III. WELFARE CAPITALISM IN THE
UNITED STATES: POLICIES, PRACTICES,
University of Southern Colorado
The combination of two private companies,
one industry, and a failed state government program is an interesting
mix of subject matter that cuts across different types of welfare. This
offers me an opportunity to suggest some good areas for analysis that
really can help us assess the history of welfare capitalism in the United
States. I'll start by listing three broad questions, and then answer them
for each paper on this panel in turn as they apply:
1. Why did these employers start their
welfare capitalism programs?
2. Did these programs make a difference
in the lives of employees?
3. How did these private welfare efforts
relate to the creation of government welfare programs later in the century?
For this last question I'll use part of
Colin Gordon's argument from his book, New Deals (Gordon 1994).
Gordon suggests that many firms folded their welfare programs in the 1930s
because these programs no longer worked and/or they could no longer afford
them. Therefore, many businesses were all too happy to let states and,
even more so, the federal government take over the function of private
welfare capitalism. This broad thesis has more holes in it than Gordon
admits, but I think it will be useful here in order to relate Earl Warren's
health insurance plans to earlier, private welfare efforts.
Scholarly works on welfare capitalism
tend to assume that managers enacted these programs out of economic self-interest.
Consider Howard Stanger's argument that Larkin's "welfare practices were
very successful in creating and maintaining a strong corporate 'family'
culture that unified a geographically dispersed employee and customer
base." Michael Hilliard quotes paper magnate S. D. Warren to the same
effect: "I have always felt my interest consisted in taking good care
of the help." Hugh Hindman's thesis that welfare capitalism essentially
gave Southern mill owners cover to use low-wage child labor suggests the
I have no doubt that all these businesses
believed their welfare capitalism programs were ultimately profitable,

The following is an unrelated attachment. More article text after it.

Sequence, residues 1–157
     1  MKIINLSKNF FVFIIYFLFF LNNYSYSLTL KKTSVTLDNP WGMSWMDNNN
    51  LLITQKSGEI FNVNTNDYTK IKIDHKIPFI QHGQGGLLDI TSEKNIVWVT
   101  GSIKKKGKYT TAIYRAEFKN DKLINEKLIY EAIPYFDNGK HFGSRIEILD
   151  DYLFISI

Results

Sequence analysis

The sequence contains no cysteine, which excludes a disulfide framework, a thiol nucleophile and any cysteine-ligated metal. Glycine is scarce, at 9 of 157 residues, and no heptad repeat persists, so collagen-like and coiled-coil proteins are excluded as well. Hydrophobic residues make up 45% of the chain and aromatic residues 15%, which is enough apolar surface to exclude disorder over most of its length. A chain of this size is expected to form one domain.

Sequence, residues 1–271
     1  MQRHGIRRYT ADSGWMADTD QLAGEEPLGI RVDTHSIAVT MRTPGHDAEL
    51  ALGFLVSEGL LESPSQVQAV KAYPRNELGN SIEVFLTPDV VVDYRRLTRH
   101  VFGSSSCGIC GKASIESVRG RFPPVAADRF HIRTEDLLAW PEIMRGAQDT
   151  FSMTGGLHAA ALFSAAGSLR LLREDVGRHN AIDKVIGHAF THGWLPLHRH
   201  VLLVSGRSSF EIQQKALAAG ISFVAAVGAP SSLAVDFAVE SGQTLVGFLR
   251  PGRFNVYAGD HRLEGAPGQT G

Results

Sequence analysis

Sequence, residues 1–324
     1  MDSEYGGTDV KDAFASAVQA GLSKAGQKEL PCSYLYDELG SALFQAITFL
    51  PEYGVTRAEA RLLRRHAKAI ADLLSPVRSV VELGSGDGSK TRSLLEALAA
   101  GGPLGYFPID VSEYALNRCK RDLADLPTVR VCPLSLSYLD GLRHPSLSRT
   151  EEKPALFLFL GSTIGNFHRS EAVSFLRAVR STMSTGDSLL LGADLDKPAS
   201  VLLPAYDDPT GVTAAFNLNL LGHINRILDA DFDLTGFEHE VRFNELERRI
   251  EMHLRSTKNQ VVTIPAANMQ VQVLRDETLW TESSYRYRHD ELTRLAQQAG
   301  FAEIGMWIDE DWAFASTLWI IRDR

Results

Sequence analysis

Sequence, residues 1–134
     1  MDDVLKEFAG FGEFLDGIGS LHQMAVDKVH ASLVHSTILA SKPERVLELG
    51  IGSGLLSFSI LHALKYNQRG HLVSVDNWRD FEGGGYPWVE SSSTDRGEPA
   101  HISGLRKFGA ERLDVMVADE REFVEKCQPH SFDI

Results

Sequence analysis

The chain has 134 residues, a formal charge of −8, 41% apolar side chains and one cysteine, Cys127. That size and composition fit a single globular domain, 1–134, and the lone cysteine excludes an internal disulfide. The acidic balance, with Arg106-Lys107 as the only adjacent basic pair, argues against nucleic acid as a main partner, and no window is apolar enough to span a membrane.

but this does not mean they actually were. To judge the value and significance
of such policies, it is necessary to look closely at their effect on workers.
Welfare work was often expensive and controversial. If workers did not
feel that they benefited from these programs, long-run profitability cannot
There are hints in these papers that these
private welfare programs were not as effective as their practitioners
claimed. For example, the Larkin Company abolished its stock-purchase
plan in part because of tepid employee response. Despite the existence
of extensive welfare and paternalism, S. D. Warren faced a 12-day strike
for union recognition as early as 1916. Hugh Hindman tells us that, from
the beginning, mill towns were established in order to control workers.
This fact, not to mention wages bad enough to force children into the
mills, presumably canceled out whatever positive effect on industrial
relations that these villages provided.
Government welfare came about for different
reasons and often had a more positive impact on workers' lives than these
private efforts. One might assume that Earl Warren's state health insurance
plans would have helped California workers or else these plans would not
have helped Warren advance his political career. Daniel Mitchell tells
us that the business community fiercely opposed Warren's plan. Certainly,
no business likes being taxed, but Mitchell also cites the existence of
employer-based health care as an alternative. I don't know how many workers
were covered in this way, but, applying Gordon's thesis, the ability of
employers to affordably take care of their workers already might be a
key reason to oppose the state government taking over this function.
The kinds of efforts covered in the other
papers here were not as viable as private health insurance. Larkin's welfare
program disappeared during the Depression. The Southern textile mills
lost their reason for child labor before the Depression began. Therefore,
they had no need to continue welfare capitalism as a smokescreen. Michael
Hilliard suggests that welfare and paternalism survived the Depression
at S. D. Warren, but to me these are two distinct, time-defined ideas.
With the possible exception of health insurance created "by the 1940s,"
I see no post-Depression welfare programs at S. D. Warren that resembled
the welfare capitalism of pre-Depression America.
Sanford Jacoby tells us that welfare capitalism
"did not die in the 1930s but instead went underground" (Jacoby 1997:5).
The firms Jacoby examines were big. The firms that fought Earl Warren's
insurance plans would likely have been big enough to start and maintain
employer-based insurance of their own.
The less-successful welfare capitalists
covered in the other papers here are comparatively small. They would probably
be the ones who would willingly let the government take on the cost of
protecting their workers' welfare for them. To me, this panel suggests
that firm size is a key determinant of why some employers ended welfare
capitalism in the 1930s and others expanded it.
Gordon, Colin. 1994. New Deals. New York: Cambridge
Jacoby, Sanford. 1997. Modern Manors. Princeton,
NJ: Princeton University Press.